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Title: Improving the quality of primary care delivery and health worker performance in rural Rwanda using the W.H.O. Integrated Management of Adolescent & Adult Illness (IMAI) guidelines
Author: Vasan, Ashwin
ISNI:       0000 0004 5922 3321
Awarding Body: London School of Hygiene & Tropical Medicine
Current Institution: London School of Hygiene and Tropical Medicine (University of London)
Date of Award: 2016
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To-date primary care delivery - defined here as first-contact patient care delivered at the first level of health systems - in low- and middle-income countries (LMICs) has been an under-researched topic, with researchers tending to focus on specific diseases or vulnerable groups (e.g. children, pregnant women). Yet as vertical programs have evolved and expanded in the past two decades, interest in primary care has been renewed, specifically as operational challenges to delivering integrated care have surfaced. There is also growing recognition that vertical interventions benefit from a basic foundation of general clinical quality, which in turn, requires integration at the point-of-care. One of the few notable, yet comparably under-researched, efforts to advance integrated primary care delivery in LMICs, is the World Health Organization (WHO)'s Integrated Management of Adolescent & Adult Illness (IMAI). IMAI consists of simplified protocols addressing common adult and adolescent illness and targeted at health workers at first-level facilities. Unlike the better-known Integrated Management of Childhood Illness (IMCI) for children under-five, however, IMAI lacks an evidence base either for its validation or its impact on care. This thesis addresses this gap and describes an implementation research trial - using a pre-/post- intervention plausibility design - of the impact of IMAI training combined with a program of sustained mentoring and supervision, on the quality of care and on the performance of primary care nurses in one district in rural Rwanda. The main finding of this trial is that IMAI training and sustained supervision leads to significant improvements in basic quality indicators and behaviors such as taking of vital signs and screening and counseling for priority conditions, while also resulting in a greater than two-fold increase in the odds of agreement in diagnosis and treatment decisions by nurses, when compared to the reference standard. This effect remained for diagnosis with exposure to supervision alone, but in the absence of classroom-based didactic IMAI training, highlighting the importance of sustained mentorship to improving health worker performance and quality. This study is one of the first of its kind to focus specifically on the quality of integrated primary care delivery in itself, rather than through the lens of a specific proxy disease or population subgroup. It is also the first study to provide impact data on IMAI, and thus offers early evidence of its utility as an organizing protocol to improve integrated primary care delivery in LMICs.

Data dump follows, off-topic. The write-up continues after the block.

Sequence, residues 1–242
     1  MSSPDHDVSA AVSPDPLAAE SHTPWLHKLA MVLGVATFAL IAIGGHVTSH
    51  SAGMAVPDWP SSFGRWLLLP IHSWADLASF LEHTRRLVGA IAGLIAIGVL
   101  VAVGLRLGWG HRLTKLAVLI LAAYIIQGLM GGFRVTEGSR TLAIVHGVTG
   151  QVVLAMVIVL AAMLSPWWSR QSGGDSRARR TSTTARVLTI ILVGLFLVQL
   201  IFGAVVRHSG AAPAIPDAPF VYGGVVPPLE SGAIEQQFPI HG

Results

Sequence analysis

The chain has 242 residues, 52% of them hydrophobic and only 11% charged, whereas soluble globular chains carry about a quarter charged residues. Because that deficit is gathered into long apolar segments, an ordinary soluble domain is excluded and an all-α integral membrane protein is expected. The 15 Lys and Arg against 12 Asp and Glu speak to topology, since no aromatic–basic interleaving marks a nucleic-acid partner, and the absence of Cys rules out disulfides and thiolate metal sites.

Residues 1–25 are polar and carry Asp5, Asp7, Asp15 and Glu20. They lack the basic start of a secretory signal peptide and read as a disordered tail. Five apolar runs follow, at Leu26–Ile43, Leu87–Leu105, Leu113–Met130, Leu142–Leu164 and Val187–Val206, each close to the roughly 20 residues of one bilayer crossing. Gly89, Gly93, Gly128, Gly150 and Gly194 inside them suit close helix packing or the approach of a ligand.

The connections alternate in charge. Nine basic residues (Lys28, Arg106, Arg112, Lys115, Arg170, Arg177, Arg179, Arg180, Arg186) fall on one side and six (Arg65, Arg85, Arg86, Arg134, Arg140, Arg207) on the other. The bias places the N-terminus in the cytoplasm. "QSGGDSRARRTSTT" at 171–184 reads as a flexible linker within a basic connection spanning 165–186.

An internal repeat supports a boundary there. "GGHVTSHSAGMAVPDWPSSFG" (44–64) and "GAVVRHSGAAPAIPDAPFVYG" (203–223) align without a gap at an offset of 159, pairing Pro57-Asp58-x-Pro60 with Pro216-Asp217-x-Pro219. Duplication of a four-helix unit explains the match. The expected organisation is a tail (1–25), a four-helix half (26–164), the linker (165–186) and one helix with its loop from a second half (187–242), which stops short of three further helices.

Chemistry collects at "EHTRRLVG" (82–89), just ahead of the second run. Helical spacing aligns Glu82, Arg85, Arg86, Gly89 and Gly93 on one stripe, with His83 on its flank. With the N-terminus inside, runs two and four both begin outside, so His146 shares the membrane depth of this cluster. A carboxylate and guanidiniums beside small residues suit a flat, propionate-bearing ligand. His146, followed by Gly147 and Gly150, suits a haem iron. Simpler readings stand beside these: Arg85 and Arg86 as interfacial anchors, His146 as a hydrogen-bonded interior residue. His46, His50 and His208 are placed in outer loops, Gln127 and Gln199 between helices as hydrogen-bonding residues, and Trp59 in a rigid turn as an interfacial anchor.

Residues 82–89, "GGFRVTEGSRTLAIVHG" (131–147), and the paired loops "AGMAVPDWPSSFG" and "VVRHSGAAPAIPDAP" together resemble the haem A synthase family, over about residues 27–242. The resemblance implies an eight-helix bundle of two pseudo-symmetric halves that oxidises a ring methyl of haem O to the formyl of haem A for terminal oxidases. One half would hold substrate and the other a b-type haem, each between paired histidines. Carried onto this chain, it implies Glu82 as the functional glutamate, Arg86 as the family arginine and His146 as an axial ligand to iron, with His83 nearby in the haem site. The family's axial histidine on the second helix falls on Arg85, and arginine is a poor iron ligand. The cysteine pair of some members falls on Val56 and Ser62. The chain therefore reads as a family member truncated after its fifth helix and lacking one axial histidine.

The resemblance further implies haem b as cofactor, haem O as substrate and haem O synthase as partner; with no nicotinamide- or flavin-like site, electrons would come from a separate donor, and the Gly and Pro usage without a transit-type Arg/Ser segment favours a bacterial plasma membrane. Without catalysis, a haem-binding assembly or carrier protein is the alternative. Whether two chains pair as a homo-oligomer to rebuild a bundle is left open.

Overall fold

Supervisor: Lawn, Stephen Sponsor: Doris Duke Charitable Foundation’s African Health Initiative ; World Health Organization
Qualification Name: Thesis (Ph.D.) Qualification Level: Doctoral